Mayor Josiah Quincy Jr.
"Born in Boston, January 17, 1802; died November 2, 1882; served as Mayor during 1846-1848.
At the time he took office, the city of Boston had passed through the transition period from town to city, not without many trials; but the city had gained in conveniences through various kinds of service and had prospered greatly notwithstanding several years of severe depression. Josiah Quincy, Jr., showed many of the characteristics of his distinguished father, the second Mayor of the city, and the same abounding energy.
His first inaugural was devoted to the question of water supply, and his clever presentation of the subject, his energy in obtaining the cooperation of his associates in the government and action by the legislature, had the result that in a few months after his inauguration ground was broken for the beginning of what later became known as the Cochituate water supply, the name being given to Long Pond near Framingham. Three years later, the actual introduction of water from Lake Cochituate to Boston Common was celebrated as a great public event.
During the first term, Mayor Quincy had effected an organization of the police force and appointed as city marshal Francis Tukey who made a name for himself as an efficient officer, although he had but a very small force at his command. The license question continued to agitate the city government. The Board of Aldermen refused to issue licenses for the sale of intoxicating liquors. Still the mayor was elected for a third term.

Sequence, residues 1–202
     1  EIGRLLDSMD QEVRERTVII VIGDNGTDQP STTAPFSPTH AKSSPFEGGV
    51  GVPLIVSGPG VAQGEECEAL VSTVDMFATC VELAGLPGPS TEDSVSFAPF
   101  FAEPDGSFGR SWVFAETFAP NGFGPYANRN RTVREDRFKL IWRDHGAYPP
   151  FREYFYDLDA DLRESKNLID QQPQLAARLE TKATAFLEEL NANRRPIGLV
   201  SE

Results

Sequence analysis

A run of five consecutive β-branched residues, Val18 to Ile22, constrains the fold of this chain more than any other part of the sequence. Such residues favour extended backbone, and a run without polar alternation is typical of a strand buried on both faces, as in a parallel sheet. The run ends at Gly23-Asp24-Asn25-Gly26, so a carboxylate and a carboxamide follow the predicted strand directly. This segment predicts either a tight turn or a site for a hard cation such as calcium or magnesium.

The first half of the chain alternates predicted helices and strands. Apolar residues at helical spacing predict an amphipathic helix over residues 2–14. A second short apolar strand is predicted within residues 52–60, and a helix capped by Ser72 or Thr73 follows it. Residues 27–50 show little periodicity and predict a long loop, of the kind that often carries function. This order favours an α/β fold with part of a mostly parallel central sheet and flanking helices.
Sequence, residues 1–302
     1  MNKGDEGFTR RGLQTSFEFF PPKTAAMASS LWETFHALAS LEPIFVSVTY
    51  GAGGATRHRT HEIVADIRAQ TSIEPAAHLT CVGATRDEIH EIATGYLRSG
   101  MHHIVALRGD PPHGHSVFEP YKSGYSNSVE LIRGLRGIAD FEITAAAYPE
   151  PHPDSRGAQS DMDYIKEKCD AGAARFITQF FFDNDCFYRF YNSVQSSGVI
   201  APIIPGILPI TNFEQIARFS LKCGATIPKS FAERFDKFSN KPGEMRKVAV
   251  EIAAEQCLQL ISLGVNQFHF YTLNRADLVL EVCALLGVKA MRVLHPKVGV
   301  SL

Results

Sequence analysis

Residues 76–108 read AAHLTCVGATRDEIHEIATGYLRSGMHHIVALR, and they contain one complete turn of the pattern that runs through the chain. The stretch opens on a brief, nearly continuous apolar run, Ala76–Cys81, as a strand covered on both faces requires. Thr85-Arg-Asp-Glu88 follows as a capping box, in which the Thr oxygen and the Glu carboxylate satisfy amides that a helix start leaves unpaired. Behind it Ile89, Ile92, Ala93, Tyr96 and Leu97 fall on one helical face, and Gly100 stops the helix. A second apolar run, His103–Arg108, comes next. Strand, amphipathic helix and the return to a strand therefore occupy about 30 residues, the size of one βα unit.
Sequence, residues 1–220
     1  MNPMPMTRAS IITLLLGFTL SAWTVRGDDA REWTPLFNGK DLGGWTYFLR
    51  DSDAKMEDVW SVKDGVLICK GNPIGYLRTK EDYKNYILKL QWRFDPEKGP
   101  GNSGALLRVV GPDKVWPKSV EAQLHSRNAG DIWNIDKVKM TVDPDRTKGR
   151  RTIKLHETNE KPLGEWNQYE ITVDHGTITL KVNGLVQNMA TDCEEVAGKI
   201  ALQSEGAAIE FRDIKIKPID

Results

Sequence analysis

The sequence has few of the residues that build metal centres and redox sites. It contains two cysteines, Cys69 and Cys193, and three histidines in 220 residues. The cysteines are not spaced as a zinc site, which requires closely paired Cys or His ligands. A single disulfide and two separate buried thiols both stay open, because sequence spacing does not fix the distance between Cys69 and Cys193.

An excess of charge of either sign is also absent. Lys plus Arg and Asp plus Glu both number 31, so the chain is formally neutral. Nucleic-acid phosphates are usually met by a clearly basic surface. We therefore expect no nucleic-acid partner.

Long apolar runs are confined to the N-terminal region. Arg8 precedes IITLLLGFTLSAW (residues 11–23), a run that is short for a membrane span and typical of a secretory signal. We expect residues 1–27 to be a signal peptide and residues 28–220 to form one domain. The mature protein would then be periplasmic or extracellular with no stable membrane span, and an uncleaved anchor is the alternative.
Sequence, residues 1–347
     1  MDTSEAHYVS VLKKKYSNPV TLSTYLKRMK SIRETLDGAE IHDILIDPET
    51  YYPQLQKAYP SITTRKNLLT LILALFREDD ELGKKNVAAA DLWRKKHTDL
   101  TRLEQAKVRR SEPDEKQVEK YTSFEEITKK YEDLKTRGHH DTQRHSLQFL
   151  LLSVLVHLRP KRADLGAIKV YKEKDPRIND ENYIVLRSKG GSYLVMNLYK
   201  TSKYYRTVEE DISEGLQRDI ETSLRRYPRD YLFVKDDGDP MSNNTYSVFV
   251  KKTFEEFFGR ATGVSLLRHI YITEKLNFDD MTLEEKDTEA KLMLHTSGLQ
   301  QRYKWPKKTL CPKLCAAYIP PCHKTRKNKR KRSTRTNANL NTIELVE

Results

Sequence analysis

Under Josiah Quincy, Jr., the question of making extensive sales of land owned by the city came up. Authorization was obtained for filling a part of the marsh lands on the easterly side of the "Neck," known as the South Bay. Here large tracts of land were graded and made ready for sale. Before he retired from office, Mayor Quincy signed contracts for the building of the Suffolk County Jail on Cambridge and Charles Streets. Among the reforms which took place in the school system under Mayor Quincy was the abolition of the so-called double-headed system of school supervision.
In his last inaugural, Mayor Quincy called attention to the habit of citizens of escaping taxation by moving into the country by the first of May. He said, 'Some of our wealthiest citizens, from their interests in agriculture or other reasons, find it convenient to leave the city in the month of April.' The custom originated long before Boston became a city. Mayor Quincy's plan for circumventing this evasion of taxes was to change the time of assessment on personal property. The law of 1852 was expected to accomplish this end, but the hope was vain, for the wealthy found other means of escaping taxes."